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ESRA 2023 Preliminary Glance Program

All time references are in CEST

Using Internet Surveys in Cross-National Research

Session Organiser Dr Tom W Smith (NORC at the University of Chicago)
TimeFriday 21 July, 09:00 - 10:30
Room U6-01f

Pushed by the rising costs of traditional modes (face-to-face, telephone) and the COVID pandemic, there is ever increasing use of internet-based surveys in both national and cross-national research. The use internationally is especially challenging given the varying levels of internet availability, the different levels of familiarity with doing surveys on-line, and the various sample frames that can be employed for drawing internet samples across countries. This session will examine the use of internet surveys cross-nationally and consider such issues as 1) how can cross-national comparability be maximized, 2) the use of one-time internet surveys vs. employing internet panels, 3) the comparability of internet surveys to surveys using other modes and in particular the reliable measurement of trends over time when traditional modes are replaced by internet modes, and 4) the variation that occurs due to the devices used to access the internet and complete surveys (e.g. smartphone vs. lap/desktops). Research will draw on the European Social Survey, the International Social Survey Program, and other cross-national studies.

Keywords: Cross-national survey research, Mode, Internet

Unpacking Survey Response Bias Across Countries, and Tips On How To Design Better Cross-National Surveys : Learnings From Research Experiments in Internet Surveys Across Southeast Asia

Dr Antarika Sen (Senior Manager at Milieu Insight ( - Presenting Author

Existing research on cross-national surveys have shown that there are inherent cultural differences in the way people use rating scales. Ignoring it can lead to unreliable and erroneous conclusions.

This paper builds on existing literature by testing different types of (i) response scales (e.g., agreement scales, likelihood scale, etc.) (ii) response scale lengths (iii) scale design formats (e.g., standard radio button vs a spinner design), and (iv) survey topics. This particular paper also focuses on findings from mobile-based surveys. To this end, we carried out a set of controlled experiments across N = 15, 415 respondents in Singapore, Malaysia, Indonesia, Philippines, Vietnam, and Thailand

There were three key learnings :

1. We found that on average, across multiple response scale lengths, Vietnam and Philippines were twice as likely to use the highest rating on a scale compared to Singapore. Additionally, Vietnam, and the Philippines were most likely to pick the top rating choice even across different question topics.

2. The design format in which response scales are presented also had a significant impact on the results with poor designs exaggerating differences between countries. For example, we ran one version of a survey using a standard single-select rating scale (vertical likert-type scale presented as radio buttons), and another version of the same survey using a spinner format. Our findings showed that the spinner design helped to reduce top-choice bias by a significant margin for countries with strongest top choice bias (Vietnam and Philippines).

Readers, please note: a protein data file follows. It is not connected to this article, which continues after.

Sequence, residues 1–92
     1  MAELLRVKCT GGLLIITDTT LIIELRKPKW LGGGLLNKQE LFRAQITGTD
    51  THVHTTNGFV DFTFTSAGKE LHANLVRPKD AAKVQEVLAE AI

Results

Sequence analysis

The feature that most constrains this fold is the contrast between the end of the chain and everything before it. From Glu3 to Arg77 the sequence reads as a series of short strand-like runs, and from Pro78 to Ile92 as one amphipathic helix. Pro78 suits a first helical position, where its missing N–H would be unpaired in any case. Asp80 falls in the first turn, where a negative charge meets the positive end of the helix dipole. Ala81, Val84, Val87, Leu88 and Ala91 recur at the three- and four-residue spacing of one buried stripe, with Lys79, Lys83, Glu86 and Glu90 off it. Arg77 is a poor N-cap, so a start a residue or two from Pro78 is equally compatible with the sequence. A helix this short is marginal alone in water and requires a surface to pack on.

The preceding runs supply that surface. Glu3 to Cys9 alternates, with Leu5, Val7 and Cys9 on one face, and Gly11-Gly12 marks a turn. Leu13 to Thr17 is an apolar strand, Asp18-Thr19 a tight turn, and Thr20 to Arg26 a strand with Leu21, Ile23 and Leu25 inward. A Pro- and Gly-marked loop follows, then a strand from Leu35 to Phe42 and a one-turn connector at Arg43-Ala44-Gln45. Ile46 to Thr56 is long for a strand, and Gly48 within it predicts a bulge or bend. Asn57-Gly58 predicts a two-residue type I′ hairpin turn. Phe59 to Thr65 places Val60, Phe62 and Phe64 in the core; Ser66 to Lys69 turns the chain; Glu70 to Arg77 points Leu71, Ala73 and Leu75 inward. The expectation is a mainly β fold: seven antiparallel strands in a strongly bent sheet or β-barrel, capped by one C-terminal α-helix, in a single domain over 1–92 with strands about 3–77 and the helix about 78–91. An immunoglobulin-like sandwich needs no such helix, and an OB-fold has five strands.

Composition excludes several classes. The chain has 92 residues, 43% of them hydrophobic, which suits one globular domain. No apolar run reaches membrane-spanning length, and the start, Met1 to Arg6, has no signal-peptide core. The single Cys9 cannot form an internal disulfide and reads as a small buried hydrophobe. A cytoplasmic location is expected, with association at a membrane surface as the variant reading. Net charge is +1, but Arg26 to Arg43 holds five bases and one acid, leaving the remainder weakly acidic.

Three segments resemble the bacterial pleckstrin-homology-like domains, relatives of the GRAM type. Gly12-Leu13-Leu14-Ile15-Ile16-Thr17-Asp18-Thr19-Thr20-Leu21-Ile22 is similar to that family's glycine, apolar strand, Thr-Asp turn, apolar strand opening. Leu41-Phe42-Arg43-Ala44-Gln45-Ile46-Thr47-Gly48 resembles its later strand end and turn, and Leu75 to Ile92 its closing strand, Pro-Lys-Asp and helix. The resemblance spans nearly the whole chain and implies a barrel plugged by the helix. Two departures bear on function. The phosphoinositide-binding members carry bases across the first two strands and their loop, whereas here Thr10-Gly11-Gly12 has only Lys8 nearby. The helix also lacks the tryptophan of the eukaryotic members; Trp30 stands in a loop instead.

3. Cleaning out inattentive respondents (e.g., straightliners) reduced top-choice bias in some countries which if unaccounted for can render inter-market comparisons inaccurate. We also found that compared to standard rating scales, using a spinner rating scale led to significantly lower straight-lining for 11-point response scales.

Where are my completes? Leveraging different response modes in a German online probability panel.

Ms Elena Babamova (Lifepanel) - Presenting Author
Mr Carsten Broich (Lifepanel)

In online probability panels or mixed mode probability panels it is so far standard to receive the majority of the completions via Email invites. To cover part of the offline population, elements like mail invitations, tablets or calls to landline phones are used additionally. Nevertheless, not much research has been conducted on the effectiveness of email as a major means for online probability panels. Within Lifepanel, members are recruited through phone for which an RDD Dual-Frame is the base for the probability selection. With the majority of the sample recruits coming from mobile phone numbers, it became questionable whether the email address is really required or whether the invites can be pushed to the mobile phone number via SMS or WhatsApp and yield higher response rates. As part of an adaptive design, it was tested to which extent it is possible to predict the most likely choice for response modes based on the demographics and use this knowledge to increase the panel response rates.

State of surveys: a comparison of NPS scores in 10 countries over 10 years

Ms Laura Wronski (SurveyMonkey)
Mr Sam Gutierrez (SurveyMonkey) - Presenting Author
Ms Zoe Padgett (SurveyMonkey)

Analyzing metadata from millions of survey responses from the SurveyMonkey platform the past 10 years, we explore trends in the survey-taking experience globally, and across countries and regions. Cross-cultural differences in response distributions have been well-established in the academic literature. In this research, we examine responses to all NPS questions asked in 10 countries around the world to compare how those scores have changed over time and how consistently their country-by-country variation is. This research highlights the changing respondent experience, and the various considerations that survey creators will have to keep in mind when designing questionnaires.